Education•Okayama, Okayama, Japan•
About: Okayama University is a education organization based out in Okayama, Okayama, Japan. It is known for research contribution in the topics: Population & Transplantation. The organization has 32016 authors who have published 58306 publications receiving 1255059 citations. The organization is also known as: Okayama Daigaku.
Papers published on a yearly basis
TL;DR: In this article, a search for the Standard Model Higgs boson in proton-proton collisions with the ATLAS detector at the LHC is presented, which has a significance of 5.9 standard deviations, corresponding to a background fluctuation probability of 1.7×10−9.
Abstract: A search for the Standard Model Higgs boson in proton–proton collisions with the ATLAS detector at the LHC is presented. The datasets used correspond to integrated luminosities of approximately 4.8 fb−1 collected at View the MathML source in 2011 and 5.8 fb−1 at View the MathML source in 2012. Individual searches in the channels H→ZZ(⁎)→4l, H→γγ and H→WW(⁎)→eνμν in the 8 TeV data are combined with previously published results of searches for H→ZZ(⁎), WW(⁎), View the MathML source and τ+τ− in the 7 TeV data and results from improved analyses of the H→ZZ(⁎)→4l and H→γγ channels in the 7 TeV data. Clear evidence for the production of a neutral boson with a measured mass of View the MathML source is presented. This observation, which has a significance of 5.9 standard deviations, corresponding to a background fluctuation probability of 1.7×10−9, is compatible with the production and decay of the Standard Model Higgs boson.
TL;DR: These guidelines are presented for the selection and interpretation of methods for use by investigators who aim to examine macroautophagy and related processes, as well as for reviewers who need to provide realistic and reasonable critiques of papers that are focused on these processes.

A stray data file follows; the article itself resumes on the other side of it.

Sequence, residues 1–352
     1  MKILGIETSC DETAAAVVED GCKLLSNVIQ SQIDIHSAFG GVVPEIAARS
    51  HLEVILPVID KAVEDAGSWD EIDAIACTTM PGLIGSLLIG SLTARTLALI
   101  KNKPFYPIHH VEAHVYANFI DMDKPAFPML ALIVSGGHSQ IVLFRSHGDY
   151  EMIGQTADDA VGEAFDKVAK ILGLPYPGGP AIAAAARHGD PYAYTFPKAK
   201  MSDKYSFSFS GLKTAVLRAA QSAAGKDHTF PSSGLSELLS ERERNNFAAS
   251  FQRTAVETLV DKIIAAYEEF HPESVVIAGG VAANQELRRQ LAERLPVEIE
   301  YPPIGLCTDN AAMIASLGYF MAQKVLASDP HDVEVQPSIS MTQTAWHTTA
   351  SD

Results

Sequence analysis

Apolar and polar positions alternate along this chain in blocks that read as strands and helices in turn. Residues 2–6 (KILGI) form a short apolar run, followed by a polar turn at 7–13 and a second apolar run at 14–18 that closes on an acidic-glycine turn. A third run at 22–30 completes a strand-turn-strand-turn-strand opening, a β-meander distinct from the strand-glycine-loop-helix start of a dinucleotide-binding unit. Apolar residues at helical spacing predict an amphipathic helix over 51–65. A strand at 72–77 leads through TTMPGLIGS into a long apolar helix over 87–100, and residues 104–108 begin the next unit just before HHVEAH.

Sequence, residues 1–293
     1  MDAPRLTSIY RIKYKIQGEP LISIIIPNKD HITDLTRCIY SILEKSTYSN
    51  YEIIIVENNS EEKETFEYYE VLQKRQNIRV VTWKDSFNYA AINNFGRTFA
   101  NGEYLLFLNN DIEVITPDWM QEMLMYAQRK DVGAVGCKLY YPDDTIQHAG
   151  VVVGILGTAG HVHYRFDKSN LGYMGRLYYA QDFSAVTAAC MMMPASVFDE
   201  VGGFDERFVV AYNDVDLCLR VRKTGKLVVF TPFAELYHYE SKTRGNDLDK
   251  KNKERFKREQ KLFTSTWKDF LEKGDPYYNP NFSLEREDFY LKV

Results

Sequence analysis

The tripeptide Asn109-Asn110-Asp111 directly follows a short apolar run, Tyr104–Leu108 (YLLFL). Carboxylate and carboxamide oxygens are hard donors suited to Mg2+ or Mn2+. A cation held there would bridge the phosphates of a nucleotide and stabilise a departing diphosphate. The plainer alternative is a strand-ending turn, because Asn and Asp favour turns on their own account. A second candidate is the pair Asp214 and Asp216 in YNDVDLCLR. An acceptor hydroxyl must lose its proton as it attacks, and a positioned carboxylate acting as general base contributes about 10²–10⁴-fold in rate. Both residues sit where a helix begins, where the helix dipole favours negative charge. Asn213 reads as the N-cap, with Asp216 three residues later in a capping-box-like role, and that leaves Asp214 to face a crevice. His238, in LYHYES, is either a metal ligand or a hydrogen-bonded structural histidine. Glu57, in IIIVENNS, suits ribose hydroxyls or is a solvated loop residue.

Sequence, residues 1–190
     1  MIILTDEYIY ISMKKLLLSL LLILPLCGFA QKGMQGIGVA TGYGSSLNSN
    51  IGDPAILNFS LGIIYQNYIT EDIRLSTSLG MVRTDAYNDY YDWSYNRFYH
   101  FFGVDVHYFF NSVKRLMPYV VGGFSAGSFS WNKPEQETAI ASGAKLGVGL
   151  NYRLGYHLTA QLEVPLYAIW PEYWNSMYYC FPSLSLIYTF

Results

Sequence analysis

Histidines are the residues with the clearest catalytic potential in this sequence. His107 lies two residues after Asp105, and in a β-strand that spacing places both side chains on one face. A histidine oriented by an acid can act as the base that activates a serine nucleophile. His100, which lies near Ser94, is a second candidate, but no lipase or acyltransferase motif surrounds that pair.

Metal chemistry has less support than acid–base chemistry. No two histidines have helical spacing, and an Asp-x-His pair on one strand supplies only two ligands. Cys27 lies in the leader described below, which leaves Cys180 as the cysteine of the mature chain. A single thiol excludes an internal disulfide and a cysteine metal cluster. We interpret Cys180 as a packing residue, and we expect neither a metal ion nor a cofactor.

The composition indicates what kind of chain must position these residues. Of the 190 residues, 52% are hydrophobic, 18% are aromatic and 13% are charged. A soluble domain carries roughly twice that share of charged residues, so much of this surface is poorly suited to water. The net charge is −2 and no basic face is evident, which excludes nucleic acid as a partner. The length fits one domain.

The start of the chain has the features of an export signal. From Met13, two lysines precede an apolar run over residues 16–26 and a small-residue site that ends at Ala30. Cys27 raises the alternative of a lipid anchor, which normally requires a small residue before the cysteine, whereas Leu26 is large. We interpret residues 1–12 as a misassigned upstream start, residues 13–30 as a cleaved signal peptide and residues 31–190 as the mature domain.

Abstract: In 2008 we published the first set of guidelines for standardizing research in autophagy. Since then, research on this topic has continued to accelerate, and many new scientists have entered the field. Our knowledge base and relevant new technologies have also been expanding. Accordingly, it is important to update these guidelines for monitoring autophagy in different organisms. Various reviews have described the range of assays that have been used for this purpose. Nevertheless, there continues to be confusion regarding acceptable methods to measure autophagy, especially in multicellular eukaryotes. A key point that needs to be emphasized is that there is a difference between measurements that monitor the numbers or volume of autophagic elements (e.g., autophagosomes or autolysosomes) at any stage of the autophagic process vs. those that measure flux through the autophagy pathway (i.e., the complete process); thus, a block in macroautophagy that results in autophagosome accumulation needs to be differentiated from stimuli that result in increased autophagic activity, defined as increased autophagy induction coupled with increased delivery to, and degradation within, lysosomes (in most higher eukaryotes and some protists such as Dictyostelium) or the vacuole (in plants and fungi). In other words, it is especially important that investigators new to the field understand that the appearance of more autophagosomes does not necessarily equate with more autophagy. In fact, in many cases, autophagosomes accumulate because of a block in trafficking to lysosomes without a concomitant change in autophagosome biogenesis, whereas an increase in autolysosomes may reflect a reduction in degradative activity. Here, we present a set of guidelines for the selection and interpretation of methods for use by investigators who aim to examine macroautophagy and related processes, as well as for reviewers who need to provide realistic and reasonable critiques of papers that are focused on these processes. These guidelines are not meant to be a formulaic set of rules, because the appropriate assays depend in part on the question being asked and the system being used. In addition, we emphasize that no individual assay is guaranteed to be the most appropriate one in every situation, and we strongly recommend the use of multiple assays to monitor autophagy. In these guidelines, we consider these various methods of assessing autophagy and what information can, or cannot, be obtained from them. Finally, by discussing the merits and limits of particular autophagy assays, we hope to encourage technical innovation in the field.